“Bigger, better faster” is a perhaps the most apt way to describe China’s ambitious approach to revamping its infrastructure. For instance, the world’s second largest economy boasts the two longest bridges in the world, including the world’s longest seabridge unveiled back in July.
And while the country is already home to the world’s fastest passenger trains, they’re recently shown that they’re still working hard to outdo even themselves. Over the weekend, local train manufacturer CSR Corp successfully completed a trial run of their fastest train yet. China Daily reported that the test train reached a world record-breaking speed of 311 mph. Previously, the title of fastest passenger train was held by the Beijing Shanghai High Speed Railway, which operated at a top speed of 300 kilometers per hour.
The shape of the train is designed to aerodynamically cut through drag like a knife — literally. Stretching six carriages long, the front end is tapered to a fine point, similar to sharp edge of an ancient Chinese sword. It’s powered by a system capable of 22,800 kilowatts and is comprised of lightweight plastic material, magnesium alloy and reinforced with carbon fiber. In comparison, China Railways High-Speed (CRH) trains run at 9,600 kilowatts.
The test run also shows that Chinese officials have remained undaunted by a series of setbacks that bring into question the safety of moving passengers at such high velocity. In July, two bullet trains ran into each other in the Zhejiang province, a tragic accident that left 40 people dead. And an investigation by the New York times revealed that engineers were cutting corners by using low-quality hardening agents to fill in the concrete bases that stabilize the tracks.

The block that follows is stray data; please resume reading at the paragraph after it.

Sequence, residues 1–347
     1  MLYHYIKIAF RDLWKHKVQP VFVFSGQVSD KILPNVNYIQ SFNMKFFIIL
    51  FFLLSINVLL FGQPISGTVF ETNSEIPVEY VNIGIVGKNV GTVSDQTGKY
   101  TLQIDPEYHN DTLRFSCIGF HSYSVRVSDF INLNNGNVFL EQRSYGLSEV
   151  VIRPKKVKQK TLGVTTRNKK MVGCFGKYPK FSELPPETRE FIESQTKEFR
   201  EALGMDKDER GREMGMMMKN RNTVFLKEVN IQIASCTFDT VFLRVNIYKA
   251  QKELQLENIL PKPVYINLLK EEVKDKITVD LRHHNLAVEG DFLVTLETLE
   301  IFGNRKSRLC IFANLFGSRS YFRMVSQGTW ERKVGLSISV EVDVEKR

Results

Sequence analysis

So will China put in operation trains that push commuters beyond what is considered safe travel? I’d say very unlikely, considering that the government has begun to backtrack by requiring that bullet trains operate at rate a few notches below what they’re capable of. For instance, trains with a top speed of 350 kh will be lowered to 300 kilometers per hour.
And as for this latest feat, locomotive expert Shen Zhiyun told China Daily that the test run will merely serve as “useful reference for current high-speed railway operations.”